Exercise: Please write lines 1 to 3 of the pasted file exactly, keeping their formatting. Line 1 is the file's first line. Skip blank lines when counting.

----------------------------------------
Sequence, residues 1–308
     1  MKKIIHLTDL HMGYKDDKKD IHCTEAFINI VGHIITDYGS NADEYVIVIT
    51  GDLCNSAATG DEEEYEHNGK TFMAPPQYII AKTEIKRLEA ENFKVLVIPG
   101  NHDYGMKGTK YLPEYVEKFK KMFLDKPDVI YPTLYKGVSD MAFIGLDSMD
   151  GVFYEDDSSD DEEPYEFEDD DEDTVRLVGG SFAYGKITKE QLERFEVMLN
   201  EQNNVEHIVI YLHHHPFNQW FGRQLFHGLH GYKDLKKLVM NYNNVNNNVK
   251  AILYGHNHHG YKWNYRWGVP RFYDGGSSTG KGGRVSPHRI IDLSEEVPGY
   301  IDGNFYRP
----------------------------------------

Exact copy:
Sequence, residues 1–308
     1  MKKIIHLTDL HMGYKDDKKD IHCTEAFINI VGHIITDYGS NADEYVIVIT
    51  GDLCNSAATG DEEEYEHNGK TFMAPPQYII AKTEIKRLEA ENFKVLVIPG